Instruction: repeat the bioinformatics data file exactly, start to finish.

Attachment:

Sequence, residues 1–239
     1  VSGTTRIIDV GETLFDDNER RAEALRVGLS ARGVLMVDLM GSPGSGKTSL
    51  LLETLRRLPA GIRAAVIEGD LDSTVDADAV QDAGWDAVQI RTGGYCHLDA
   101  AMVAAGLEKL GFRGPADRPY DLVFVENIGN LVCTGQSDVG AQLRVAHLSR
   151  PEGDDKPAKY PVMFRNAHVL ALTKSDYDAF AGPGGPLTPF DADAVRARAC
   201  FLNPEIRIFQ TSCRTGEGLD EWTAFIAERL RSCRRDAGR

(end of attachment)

Sequence, residues 1–239
     1  VSGTTRIIDV GETLFDDNER RAEALRVGLS ARGVLMVDLM GSPGSGKTSL
    51  LLETLRRLPA GIRAAVIEGD LDSTVDADAV QDAGWDAVQI RTGGYCHLDA
   101  AMVAAGLEKL GFRGPADRPY DLVFVENIGN LVCTGQSDVG AQLRVAHLSR
   151  PEGDDKPAKY PVMFRNAHVL ALTKSDYDAF AGPGGPLTPF DADAVRARAC
   201  FLNPEIRIFQ TSCRTGEGLD EWTAFIAERL RSCRRDAGR